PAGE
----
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DEFCON PASSWORD CRACKING CONTEST PRESS FAQ
Where can I get information about the contest?
Why did KoreLogic organize the password cracking contest?
1)Despite its weaknesses compared to multi-factor authentication, username/password remains a very common form of authentication. Password cracking helps promote strong passwords that reduce the risk of unauthorized access to data and systems.
2)KoreLogic's staff has a tradition of developing and sharing security tools and techniques. Rick Redman identified the Contest as an effective way to promote sharing of password cracking rulesets/wordlists/techniques/software/methods/rainbow tables/etc. In addition, many open source and commercial password cracking tools do not have rules that reflect commonly used complex passwords and patterns. KoreLogic hopes to raise awareness of this issue among security professionals such that they can help end users create stronger passwords.
What/where is the authoritative source of contest rules (e.g., what is allowed, what is prohibited, how will the winner be determined, etc.)?
The authoritative source of contest rules can be found at http://contest-2013.korelogic.com/intro.html. KoreLogic will use these to manage the Contest.
Can I get a copy of KoreLogic's password cracking rules? Are there any restrictions on their use?
Anyone may download the rules and wordlists from past years' contest sites; 2013's will be published after August 5, 2013. They are free for use by individuals or corporations for their own internal use, or for use in providing general security or IT consulting services. An important restriction is that if you use these rules in a commercial password cracking product, software, or service, KoreLogic must be credited as the provider of the rules. (Contact us if you would like to discuss alternate licensing options.)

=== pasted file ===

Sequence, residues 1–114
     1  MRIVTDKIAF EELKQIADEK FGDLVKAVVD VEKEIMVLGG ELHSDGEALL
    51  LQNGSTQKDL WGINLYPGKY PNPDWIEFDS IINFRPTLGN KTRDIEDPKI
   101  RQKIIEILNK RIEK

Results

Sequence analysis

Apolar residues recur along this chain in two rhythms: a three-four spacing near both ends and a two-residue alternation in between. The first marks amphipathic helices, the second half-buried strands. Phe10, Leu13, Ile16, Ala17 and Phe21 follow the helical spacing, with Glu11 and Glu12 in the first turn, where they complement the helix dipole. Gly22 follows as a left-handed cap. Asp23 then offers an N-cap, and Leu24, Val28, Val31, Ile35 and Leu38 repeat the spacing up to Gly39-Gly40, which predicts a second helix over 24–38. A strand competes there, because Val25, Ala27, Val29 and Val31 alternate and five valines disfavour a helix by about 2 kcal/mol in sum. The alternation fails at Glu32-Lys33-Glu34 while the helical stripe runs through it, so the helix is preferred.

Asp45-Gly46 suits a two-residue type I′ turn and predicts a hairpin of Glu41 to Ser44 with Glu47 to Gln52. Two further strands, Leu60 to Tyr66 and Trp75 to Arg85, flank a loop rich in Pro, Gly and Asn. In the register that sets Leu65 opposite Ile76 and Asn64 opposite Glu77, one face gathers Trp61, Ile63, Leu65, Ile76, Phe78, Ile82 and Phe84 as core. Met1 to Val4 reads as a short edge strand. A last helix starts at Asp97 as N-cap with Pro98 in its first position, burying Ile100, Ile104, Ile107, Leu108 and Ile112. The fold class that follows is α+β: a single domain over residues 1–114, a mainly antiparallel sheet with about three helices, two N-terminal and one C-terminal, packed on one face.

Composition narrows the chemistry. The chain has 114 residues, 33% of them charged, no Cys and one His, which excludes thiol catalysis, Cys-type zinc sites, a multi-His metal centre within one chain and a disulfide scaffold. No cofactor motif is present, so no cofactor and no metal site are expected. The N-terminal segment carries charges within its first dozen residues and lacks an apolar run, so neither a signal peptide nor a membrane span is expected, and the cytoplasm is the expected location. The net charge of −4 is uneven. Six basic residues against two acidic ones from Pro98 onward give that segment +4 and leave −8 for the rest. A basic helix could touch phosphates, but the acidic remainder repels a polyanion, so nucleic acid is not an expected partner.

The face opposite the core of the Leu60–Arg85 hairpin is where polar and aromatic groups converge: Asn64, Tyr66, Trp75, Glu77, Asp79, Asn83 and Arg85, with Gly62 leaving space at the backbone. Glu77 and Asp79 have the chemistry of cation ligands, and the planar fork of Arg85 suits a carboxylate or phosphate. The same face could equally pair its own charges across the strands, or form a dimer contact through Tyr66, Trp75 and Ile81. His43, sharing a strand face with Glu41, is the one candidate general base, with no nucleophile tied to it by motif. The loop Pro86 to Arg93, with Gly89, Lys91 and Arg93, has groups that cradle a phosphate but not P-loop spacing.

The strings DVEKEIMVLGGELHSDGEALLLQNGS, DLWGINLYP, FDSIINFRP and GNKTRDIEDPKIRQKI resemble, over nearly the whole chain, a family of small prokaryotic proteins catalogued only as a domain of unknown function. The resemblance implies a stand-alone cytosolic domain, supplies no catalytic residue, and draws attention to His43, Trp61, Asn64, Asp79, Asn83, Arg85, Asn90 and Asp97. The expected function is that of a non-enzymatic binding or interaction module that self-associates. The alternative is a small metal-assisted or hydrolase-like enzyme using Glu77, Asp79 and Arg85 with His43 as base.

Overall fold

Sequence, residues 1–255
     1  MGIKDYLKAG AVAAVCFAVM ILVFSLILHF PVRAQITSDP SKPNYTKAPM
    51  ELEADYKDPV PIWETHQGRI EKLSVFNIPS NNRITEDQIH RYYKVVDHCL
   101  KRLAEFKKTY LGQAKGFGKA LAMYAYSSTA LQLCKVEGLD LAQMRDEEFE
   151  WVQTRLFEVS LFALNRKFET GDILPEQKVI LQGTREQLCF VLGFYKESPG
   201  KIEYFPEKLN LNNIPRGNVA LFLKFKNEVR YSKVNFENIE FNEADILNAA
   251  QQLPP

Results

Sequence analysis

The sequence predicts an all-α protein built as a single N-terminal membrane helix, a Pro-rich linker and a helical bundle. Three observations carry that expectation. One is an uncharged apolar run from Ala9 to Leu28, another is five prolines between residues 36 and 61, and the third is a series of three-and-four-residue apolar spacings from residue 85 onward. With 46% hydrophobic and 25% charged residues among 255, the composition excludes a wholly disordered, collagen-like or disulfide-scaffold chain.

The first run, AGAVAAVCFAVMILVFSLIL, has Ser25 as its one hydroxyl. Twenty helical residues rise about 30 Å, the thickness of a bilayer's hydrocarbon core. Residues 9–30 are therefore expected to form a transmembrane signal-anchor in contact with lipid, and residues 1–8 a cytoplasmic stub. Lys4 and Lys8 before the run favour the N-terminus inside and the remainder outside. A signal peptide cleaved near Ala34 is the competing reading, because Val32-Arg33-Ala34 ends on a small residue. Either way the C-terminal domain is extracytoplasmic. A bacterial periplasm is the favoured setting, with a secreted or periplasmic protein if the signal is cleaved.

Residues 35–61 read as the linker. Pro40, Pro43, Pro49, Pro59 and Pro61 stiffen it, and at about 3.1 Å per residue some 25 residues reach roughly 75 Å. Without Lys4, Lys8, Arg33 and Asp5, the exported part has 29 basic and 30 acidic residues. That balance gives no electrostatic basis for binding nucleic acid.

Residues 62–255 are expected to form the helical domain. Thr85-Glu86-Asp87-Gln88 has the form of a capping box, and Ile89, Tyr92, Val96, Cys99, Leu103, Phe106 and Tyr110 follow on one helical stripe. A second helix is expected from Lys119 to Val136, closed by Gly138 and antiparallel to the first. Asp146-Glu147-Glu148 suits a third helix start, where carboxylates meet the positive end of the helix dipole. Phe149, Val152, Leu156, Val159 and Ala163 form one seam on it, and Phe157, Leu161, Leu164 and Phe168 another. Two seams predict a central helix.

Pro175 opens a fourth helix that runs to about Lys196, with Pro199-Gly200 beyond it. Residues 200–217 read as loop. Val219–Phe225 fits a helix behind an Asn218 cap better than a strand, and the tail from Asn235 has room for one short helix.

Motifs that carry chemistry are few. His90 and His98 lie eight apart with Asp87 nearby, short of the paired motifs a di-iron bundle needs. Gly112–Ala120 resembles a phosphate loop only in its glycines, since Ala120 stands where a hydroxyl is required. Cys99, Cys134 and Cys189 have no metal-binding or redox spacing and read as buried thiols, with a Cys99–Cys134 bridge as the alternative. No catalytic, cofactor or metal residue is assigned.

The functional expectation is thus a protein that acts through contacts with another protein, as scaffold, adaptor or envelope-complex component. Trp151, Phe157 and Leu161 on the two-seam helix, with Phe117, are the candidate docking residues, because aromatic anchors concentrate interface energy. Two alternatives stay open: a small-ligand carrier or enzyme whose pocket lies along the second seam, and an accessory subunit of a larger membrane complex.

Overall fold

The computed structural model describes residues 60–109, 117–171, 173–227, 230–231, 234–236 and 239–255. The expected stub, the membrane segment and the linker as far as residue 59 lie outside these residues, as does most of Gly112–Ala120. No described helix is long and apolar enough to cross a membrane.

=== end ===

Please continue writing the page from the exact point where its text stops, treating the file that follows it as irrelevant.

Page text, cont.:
Why weren't other hash types included in the contest?
In the past, KoreLogic chose to make the contest closely mimic a penetration test. In 2010 the hash types were made to mimic what a penetration tester would see in a large corporate environment (NTLMs DES, etc). In the more recent contests, the hash-types were chosen in a method that would make for a good combination of "fast" and "slow" hashes. In 2013, the contest is not designed to strictly mimic a penetration test.
Will the release of the rules help attackers?
KoreLogic carefully considered this issue before deciding that the benefits to organizations (i.e., to test and develop stronger passwords) out-weighed the risks from malicious parties who already have access to open source and custom password crackers. The password rules, while very innovative and useful, are not 0-day exploits or other methods that would pose a new risk to organizations.
Do the password hashes contain "real" passwords?
No, the passwords are entirely "fictional." The passwords were developed by KoreLogic to provide a challenging cross section of commonly used passwords and password patterns.
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